This Thursday night the American Cinematheque will present Los Angeles moviegoers with a rare opportunity to see Robert Aldrich’s masterful Emperor of the North (1973) projected on the Lloyd A. Rigler Auditorium's massive screen inside the Egyptian Theater. The Cinematheque will also feature as its special guest the movie’s screenwriter Christopher Knopf. Knopf, a journeyman writer in television’s early days, wrote for such shows as Wanted: Dead or Alive, Zane Grey Theater, The Big Valley, Dr. Kildare and Cimarron Strip, but Emperor of the North was his first screenplay to make it to the big screen, which was adapted from a short story written by Jack London. Knopf worked with Aldrich again, contributing the screenplay to the director’s 1977 adaptation of Joseph Wambaugh’s The Choirboys, and he also wrote Posse (1975) for Kirk Douglas and a TV-movie sequel of sorts to Butch Cassidy and the Sundance Kind for Elizabeth Montgomery called Mrs. Sundance (19174), in which the Bewitched star stepped into the shoes once filled by Katharine Ross. But Knopf’s most well-known achievement, outside of Emperor of the North Pole perhaps, is the screenplay for the remarkable 1973 TV-movie A Cold Night’s Death (1973), which is a signpost of terror for genre enthusiasts of my generation. The movie, directed by Jerrold Friedman, stars Eli Wallach and the late Robert Culp as scientists who come to believe that there may be something other than them and their research monkeys occupying the remote arctic facility where they are stationed. A Cold Night's Death exploits the isolation and frigid environment for an exceptional and memorable level of suspense and was that rare commodity—a critical hit at a time when movies made for TV weren’t stylistically all that distinguishable from dramatic series programming. Knopf will undoubtedly have many stories to tell of the making of this movie, as well as fascinating observations about working with Aldrich on Emperor and The Choirboys, and screenwriter Josh Olson (A History of Violence) will be talking to him about all of that and more in the Rigler Theater before the screening. Knopf will also be signing copies of his new book Will the Real Me Please Stand Up? in the Egyptian lobby at 6:30 p.m. on Thursday night.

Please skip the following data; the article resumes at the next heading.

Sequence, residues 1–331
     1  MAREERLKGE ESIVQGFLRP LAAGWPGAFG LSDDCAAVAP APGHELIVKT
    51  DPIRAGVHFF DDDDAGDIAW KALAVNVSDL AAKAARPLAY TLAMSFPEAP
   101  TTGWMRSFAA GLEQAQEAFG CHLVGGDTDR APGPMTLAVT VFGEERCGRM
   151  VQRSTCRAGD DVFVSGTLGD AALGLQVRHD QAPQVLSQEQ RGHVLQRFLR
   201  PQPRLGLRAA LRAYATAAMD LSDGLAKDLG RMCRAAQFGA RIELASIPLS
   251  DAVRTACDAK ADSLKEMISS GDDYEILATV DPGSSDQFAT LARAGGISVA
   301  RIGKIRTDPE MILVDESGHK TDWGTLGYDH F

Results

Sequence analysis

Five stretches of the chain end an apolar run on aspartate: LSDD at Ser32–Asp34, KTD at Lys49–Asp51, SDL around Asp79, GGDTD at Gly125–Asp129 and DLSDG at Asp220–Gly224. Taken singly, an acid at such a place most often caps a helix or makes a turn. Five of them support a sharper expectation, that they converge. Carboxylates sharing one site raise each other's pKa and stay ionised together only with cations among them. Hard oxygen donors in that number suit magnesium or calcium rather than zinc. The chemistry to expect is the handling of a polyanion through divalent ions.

Emperor of the North is, as far as I can perceive, well-regarded, but I think it deserves a more rarified position in Aldrich’s filmography, if not on the grand stage of movie history, as one of this rugged, nail-hard director’s very best achievements. My enthusiasm for the movie, which I first saw on a drizzly summer night at my hometown drive-in during the summer of 1974, was gloriously confirmed when I finally had the chance to revisit it again four years ago for the Robert Aldrich Blog-a-thon, an Internet gathering of writers which I organized in October 2006 who presented their original pieces written specifically to celebrate, excoriate and analyze the director’s work. The following piece was written for that blog-a-thon, and I republish it here in the hope that you will be encouraged to seek the movie out at the Egyptian this Thursday. Or if you’re not living in Los Angeles, perhaps you'll consider putting the movie on your Netflix queue, where it is easily accessible on DVD, so you can see Aldrich’s brutal, spiritually calloused, cinematically exuberant adventure for yourself.